HADERA — In hospital pajamas and with oxygen tubes running into his nose, 80-year-old David Nidan shuffled to the ballot box on Tuesday morning.
Eytan, the official running the polling station, kindly helped the patient to keep his balance. He was wearing a hazmat suit to protect him from the SARS-CoV-2 virus that has kept Nidan in the hospital for the last two weeks.
In an election shaped by the COVID-19 crisis, from campaign talking points to social distancing rules at every polling station, it was the most literal manifestation of politics in a time of pandemic: a polling station in a virus ward.
A regular Israeli polling station caters to 600 people. The one where Nidan voted, at Hillel Yaffe Medical Center in Hadera, is open for hours to serve just 11 potential voters.
For most of the patients who vote in such stations — around 700 are eligible in total — the journey down the corridor is the farthest they have ventured from bed since hospitalization.
Some election officials have even gone mobile for the sake of those who can’t move, and taken ballot boxes to bedsides.
As patients cast votes at hospitals’ COVID ward stations, home-based virus patients headed to 409 special polling places, while quarantined people have been taking advantage of 342 stations especially designated for them.
From the virus section at Hillel Yaffe, Nidan spoke to The Times of Israel through an intercom that connects his ward to the control room.
He said: “It feels good to be voting,” and revealed that he was backing Likud.
Soon after kippa-wearing Nidan moved away from the ballot box, an Arab woman in a hijab arrived to cast her vote.
In the ward’s control room, the nurses who monitor patients sat alongside election officials: one employee of the Central Elections Committee and two party activists who oversee proceedings, as per Israeli election protocol.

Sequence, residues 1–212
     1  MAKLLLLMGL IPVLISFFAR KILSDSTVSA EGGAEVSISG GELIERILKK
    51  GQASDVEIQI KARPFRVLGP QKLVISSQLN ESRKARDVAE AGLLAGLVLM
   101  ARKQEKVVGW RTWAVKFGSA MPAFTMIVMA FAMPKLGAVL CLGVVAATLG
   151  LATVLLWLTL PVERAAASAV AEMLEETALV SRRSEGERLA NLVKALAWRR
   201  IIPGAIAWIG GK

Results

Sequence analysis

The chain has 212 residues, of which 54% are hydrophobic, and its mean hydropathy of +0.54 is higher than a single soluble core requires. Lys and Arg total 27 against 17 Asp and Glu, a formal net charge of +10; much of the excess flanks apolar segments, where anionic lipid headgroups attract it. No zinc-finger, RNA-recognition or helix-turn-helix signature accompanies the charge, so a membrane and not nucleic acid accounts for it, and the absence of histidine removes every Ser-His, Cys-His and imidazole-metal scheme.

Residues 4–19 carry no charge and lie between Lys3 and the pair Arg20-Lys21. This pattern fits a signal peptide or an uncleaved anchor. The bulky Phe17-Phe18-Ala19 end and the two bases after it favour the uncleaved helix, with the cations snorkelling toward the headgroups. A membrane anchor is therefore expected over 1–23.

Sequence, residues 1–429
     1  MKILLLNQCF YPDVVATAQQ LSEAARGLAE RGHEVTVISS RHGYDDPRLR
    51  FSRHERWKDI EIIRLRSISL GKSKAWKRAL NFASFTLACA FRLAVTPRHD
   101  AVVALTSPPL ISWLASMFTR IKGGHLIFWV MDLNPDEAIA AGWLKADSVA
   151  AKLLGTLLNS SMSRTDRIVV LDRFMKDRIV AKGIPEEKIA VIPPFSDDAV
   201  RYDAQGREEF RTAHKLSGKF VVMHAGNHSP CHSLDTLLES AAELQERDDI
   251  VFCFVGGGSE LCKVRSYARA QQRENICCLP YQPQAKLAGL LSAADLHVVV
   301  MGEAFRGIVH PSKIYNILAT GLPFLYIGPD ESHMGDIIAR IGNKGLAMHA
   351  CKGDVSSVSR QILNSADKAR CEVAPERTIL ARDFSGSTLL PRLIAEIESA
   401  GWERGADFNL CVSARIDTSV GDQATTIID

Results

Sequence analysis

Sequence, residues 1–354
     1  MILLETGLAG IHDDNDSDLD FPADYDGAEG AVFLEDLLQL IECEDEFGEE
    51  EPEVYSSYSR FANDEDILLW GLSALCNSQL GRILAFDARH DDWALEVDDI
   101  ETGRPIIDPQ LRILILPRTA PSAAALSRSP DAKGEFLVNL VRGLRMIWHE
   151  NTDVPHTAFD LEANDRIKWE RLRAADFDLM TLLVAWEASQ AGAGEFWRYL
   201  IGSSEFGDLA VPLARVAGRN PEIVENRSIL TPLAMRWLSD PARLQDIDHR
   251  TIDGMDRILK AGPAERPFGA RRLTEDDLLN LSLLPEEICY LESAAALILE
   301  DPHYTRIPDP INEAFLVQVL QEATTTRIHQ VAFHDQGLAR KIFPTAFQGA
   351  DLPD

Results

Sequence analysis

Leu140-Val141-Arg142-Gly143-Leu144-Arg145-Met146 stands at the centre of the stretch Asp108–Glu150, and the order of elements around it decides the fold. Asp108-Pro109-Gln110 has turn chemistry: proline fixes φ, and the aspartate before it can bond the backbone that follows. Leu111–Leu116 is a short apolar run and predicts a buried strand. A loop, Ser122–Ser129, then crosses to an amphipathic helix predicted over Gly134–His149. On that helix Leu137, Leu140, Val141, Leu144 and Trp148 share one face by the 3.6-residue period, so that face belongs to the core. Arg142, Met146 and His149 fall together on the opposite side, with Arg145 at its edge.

They have a more complex process to check than at regular polling stations. Each voter is given two envelopes. In one, which has no information to identify them, they place a piece of paper that shows their choice of party.
This goes inside an envelope with their identity card number, which is discarded before votes are counted, but is necessary to verify that a ballot hasn’t also been cast in their name at their regular poling station.
When voters arrive, the envelopes are passed through an airlock into the virus ward.
The inspectors, Ofra Mines and Rahamim Michael, sat at a table surrounded by the cookies and snacks that are traditionally provided for those checking polling procedures, along with large bottles of hand sanitizer. When they woke up a few hours earlier and reported for duty, neither of them had any idea they had been assigned to a COVID-19 station.
“I was worried,” said Mines, a 62-year-old Likudnik. “At first I thought I’d actually need to go inside the coronavirus ward, and that concerned me, but it still feels strange sitting here, behind the glass.”
She reported a mix of emotions: joy at seeing people vote and sadness at seeing the harsh reality of a coronavirus ward. “I’m happy to see everyone, including sick people, being given the chance to vote, but it’s hard to see life on the ward,” she said.
One of the nurses, Ahmed Abuhaja, also said he was happy to see patients voting, but reported that there was no election buzz or discussion on the ward. Asked if patients had been talking politics, he said: “Not at all; people here just want to get better and get home.”